1. Putting it All on the Table:
For those of you who have been in sales for a while now, you know that no good ever comes from playing all your cards at once. So why is it that so many hiring managers feel the need to do just that in hiring? They outline every aspect of the job to candidates, often before interviews even begin. Job descriptions are posted with pages of documentation, candidates are asked if they have any questions at the start (instead of end) of the interview, and a model is essentially built right out the gate for your applicants to study from and mold their answers to during the interview phase.
Instead: Create job postings that share only the most pertinent information. Then, craft interview questions that will truly test an applicant’s ability to excel (or fail) within the desired role—without giving them the cheat sheet up front to study from.
2. Ignoring the Need for Qualification:
Let’s be honest, people in sales tend to be a fairly optimistic bunch. They also have a higher than average level of confidence in their ability to read others. As such, they tend to trust their guts when it comes to interviewing—hiring based on who they like, rather than who may be most qualified for the job. The problem? Just as Max Cates (a seasoned sales manager and author of the book Seven Steps to Success for Sales Managers) found, “Their job is to sell you on them.” The problem with that? Selling you on them in a single, hour-long interview is kind of their bread and butter. But those interview skills don’t always translate into actual sales ability when you get out of the interview room. Cates realized years down the line that he had accumulated a lot of mediocre reps.
Instead: Rely on your gut and qualifications. Yes, your people reading skills are valid. But they aren’t everything. Today, Cates recommends asking for sales reports, tax forms, and any documentation that gives a black and white picture of the rep’s results over time. He believes that hiring is a scientific process based on facts, careful observation, and analysis. And you should too.
3. Forgetting About Culture:
We all know that not all sales jobs are created equal. Someone who excelled in office product sales may not be able to transition those skills into the sale of financial services, for instance. And applicants who thrived under one model of leadership may not be as successful under another. Cultural fit within an organization is important, and failing to take that into consideration can lead to hires who may be great on paper, but who will never be great within your organization.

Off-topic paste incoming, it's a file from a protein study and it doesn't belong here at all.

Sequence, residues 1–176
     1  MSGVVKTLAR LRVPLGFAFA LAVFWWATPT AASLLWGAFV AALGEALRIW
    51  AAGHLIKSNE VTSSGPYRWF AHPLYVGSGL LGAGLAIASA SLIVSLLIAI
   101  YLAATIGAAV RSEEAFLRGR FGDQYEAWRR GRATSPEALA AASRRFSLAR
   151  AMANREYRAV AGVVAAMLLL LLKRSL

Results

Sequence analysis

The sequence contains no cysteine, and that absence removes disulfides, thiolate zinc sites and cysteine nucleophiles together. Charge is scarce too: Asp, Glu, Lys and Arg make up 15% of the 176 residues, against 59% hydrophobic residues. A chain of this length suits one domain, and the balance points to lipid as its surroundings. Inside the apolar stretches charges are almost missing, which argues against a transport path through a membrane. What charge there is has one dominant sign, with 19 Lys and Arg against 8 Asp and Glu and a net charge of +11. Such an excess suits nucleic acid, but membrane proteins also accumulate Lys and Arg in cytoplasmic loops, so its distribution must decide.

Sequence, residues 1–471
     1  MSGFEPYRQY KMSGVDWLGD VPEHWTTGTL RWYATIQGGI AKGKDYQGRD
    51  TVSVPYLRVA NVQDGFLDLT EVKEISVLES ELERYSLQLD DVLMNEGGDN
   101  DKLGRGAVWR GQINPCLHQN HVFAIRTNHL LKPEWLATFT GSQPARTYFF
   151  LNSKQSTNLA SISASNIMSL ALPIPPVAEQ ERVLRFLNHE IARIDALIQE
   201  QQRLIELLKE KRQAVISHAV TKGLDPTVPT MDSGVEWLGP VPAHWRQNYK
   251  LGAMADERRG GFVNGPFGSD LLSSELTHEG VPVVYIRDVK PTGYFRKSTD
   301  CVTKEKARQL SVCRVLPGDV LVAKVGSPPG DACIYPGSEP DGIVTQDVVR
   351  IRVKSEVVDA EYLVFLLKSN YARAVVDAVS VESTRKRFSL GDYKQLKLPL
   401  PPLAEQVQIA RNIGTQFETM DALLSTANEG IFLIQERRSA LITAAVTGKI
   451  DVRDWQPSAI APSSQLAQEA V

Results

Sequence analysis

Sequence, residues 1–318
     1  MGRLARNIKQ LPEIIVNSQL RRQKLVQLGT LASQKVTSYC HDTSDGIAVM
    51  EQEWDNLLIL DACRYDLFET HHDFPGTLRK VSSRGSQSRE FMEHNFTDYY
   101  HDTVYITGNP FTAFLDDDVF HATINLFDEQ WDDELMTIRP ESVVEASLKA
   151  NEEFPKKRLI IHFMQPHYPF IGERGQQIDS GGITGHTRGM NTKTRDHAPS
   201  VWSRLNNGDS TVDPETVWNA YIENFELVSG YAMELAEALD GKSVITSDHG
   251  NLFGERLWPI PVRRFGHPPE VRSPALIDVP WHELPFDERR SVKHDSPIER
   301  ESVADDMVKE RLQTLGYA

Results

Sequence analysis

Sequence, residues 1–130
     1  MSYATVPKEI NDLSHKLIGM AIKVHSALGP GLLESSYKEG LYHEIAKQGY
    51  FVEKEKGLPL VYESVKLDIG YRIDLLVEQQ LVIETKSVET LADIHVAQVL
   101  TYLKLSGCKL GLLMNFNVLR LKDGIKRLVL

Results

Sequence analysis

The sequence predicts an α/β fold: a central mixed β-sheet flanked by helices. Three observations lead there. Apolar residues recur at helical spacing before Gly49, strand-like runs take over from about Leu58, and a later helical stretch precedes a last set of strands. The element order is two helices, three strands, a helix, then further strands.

Instead: Have a few interview questions that relate directly to corporate culture and the circumstances under which your applicants work best. Ask about previous leadership styles they thrived under, and those they struggled more with, and inquire about the cultures they encountered in their previous jobs.
4. Failing to Use the Tools at Their Disposal:
Interviewing and hiring can sometimes seem like a really random thing, mostly because applicants always have varied backgrounds and a wide variety of strengths and weaknesses to bring to the table. But hiring managers often make the mistake of simply accepting that, rather than utilizing the tools available to them to ensure the best person for the job is being brought onboard.
Instead: Embrace the SPQ*Gold assessment tool, which measures for the 12 types of Sales Call Reluctance, assesses for sales motivation, and quantifies goal level, focus, and a candidate’s comfort level with specific production targets and performance requirements. With a tool like this at your disposal, why wouldn’t you be gathering as much information as possible about your potential hires in order to bring on the best of the best?
5. Never Measuring For Ability to Close the Deal:
Michael D. Goodman, president of Revenue Kinetics, LLC., likes to talk about the evolution of a sales call. “A sales call has a specific structure and intent,” he explains. “Well designed, it moves whatever level of person you are speaking with through the discovery of what is important to them and what it costs them to not have it. It should leave the sales person far more informed on qualifications to close the sale, and the buyer in far greater recognition of how important the sale is.” The problem? Far too few hiring managers actually test their applicants on this ability, which means hiring sales reps who often have no idea how to effectively facilitate sales. “Not discovering the sales candidates’ capability to move through the sales process can be fatal to both the candidate and the sales manager in their career.” Goodman explains. “Ultimately the sales person will have a bloated pipeline with deals that never close and no understanding as to why.”